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Legal Separation in Virginia
Legal separation is the point between marriage and divorce. You are considered “legally separated” when a court sanctions an agreement between you and your spouse detailing each party’s rights to child custody, support, and property division while you’re still married but living apart. Domestic relations laws vary by state, so different procedures exist for granting legal separation status to couples moving toward divorce.
As a resident of Virginia, it’s important to understand that, unlike many other states, Virginia doesn’t have a formal status for legal separation when neither party is at fault for the marriage ending. However, you can still protect yourself, your children, and your assets as you and your spouse go separate ways.
Are you unsure how legal separation works in Virginia? Consult with Graham Law Firm before you begin the separation process so you fully understand your rights and responsibilities.
Legal Separation in Virginia: Fault-Based Divorce
When one spouse claims they want a divorce on the grounds of desertion, adultery, cruelty, or another fault-based reason, Virginia law allows either party to file a motion for “pendente lite” relief, which provides temporary relief as you move toward a formal divorce. In other words, it grants you legal separation status. Pendente lite relief establishes:
- Child custody and visitation rights
- Child or spousal support
- Exclusive use of the marital residence
- Contributions to shared debts
- Injunctions preventing harassment or wasting shared assets
Any temporary relief ordered by the court typically remains in place until the final divorce trial one year from the date of separation.
Legal Separation in Virginia: No-Fault Divorce
Sometimes, marriages fall apart with no particular fault resting on either party. You can obtain a no-fault divorce in Virginia if you:
- Live separately from your spouse for one year
- Live separately from your spouse for six months, have a separation agreement in place, and have no minor children.
However, since Virginia has no formal procedure for obtaining legal separation status in no-fault cases, you might wonder how to establish that you’ve been separated from your spouse for the requisite time.
The best way to establish a date of separation is to enter into a “separation agreement” with your spouse. Both parties sign and date a document stating that you want to permanently end the marriage. The document provides the same temporary solutions as pendente lite relief, addressing property division, debt responsibilities, custody, visitation, and support.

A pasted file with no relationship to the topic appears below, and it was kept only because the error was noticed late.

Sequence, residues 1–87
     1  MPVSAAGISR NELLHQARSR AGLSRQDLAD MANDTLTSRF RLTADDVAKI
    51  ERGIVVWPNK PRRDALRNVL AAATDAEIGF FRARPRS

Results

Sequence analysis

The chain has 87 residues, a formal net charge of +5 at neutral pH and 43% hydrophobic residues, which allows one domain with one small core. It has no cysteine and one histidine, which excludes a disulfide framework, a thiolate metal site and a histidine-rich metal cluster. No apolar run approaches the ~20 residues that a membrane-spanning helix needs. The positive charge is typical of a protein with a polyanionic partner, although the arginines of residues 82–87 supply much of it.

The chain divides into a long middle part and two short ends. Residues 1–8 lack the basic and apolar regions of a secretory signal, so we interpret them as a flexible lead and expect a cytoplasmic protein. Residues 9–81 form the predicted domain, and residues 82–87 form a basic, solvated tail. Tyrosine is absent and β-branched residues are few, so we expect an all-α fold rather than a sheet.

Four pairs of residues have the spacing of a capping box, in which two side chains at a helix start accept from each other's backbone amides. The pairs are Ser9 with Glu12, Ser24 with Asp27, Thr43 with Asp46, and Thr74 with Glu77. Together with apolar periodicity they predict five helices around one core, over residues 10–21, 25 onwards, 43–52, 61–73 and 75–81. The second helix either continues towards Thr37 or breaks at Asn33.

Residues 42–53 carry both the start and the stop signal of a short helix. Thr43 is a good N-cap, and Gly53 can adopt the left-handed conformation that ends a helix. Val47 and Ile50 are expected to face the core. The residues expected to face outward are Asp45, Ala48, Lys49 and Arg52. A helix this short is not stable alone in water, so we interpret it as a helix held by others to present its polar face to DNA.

An attorney from Graham Law Firm can help you take all the right steps to establish a separation agreement. The document remains legally binding until you file for a no-fault divorce six months or one year from now, at which time the court will resolve any outstanding issues.
Creating a separation agreement with your spouse helps your children transition into two homes. Establishing this mutually acceptable agreement outside court also saves you a considerable amount of time and money. Finally, the agreement establishes a firm date of separation so you can pursue divorce immediately once the requisite time has passed.
Separate Maintenance in Virginia
If fault exists in your separation case, but you don’t want a divorce for moral or religious reasons, “separate maintenance” may be an effective route. This Virginia statute gives the court power to rule on child/spousal support and visitation rights. However, separate maintenance doesn’t enable the court to divide property. Personal advice from Graham Law Firm can help you decide if separate maintenance is the right option for you.
Contact a Divorce Lawyer in Northern Virginia
To speak with an experienced divorce lawyer in Arlington, Fairfax, or the surrounding areas, contact Graham Law Firm online or call (703) 687-6817.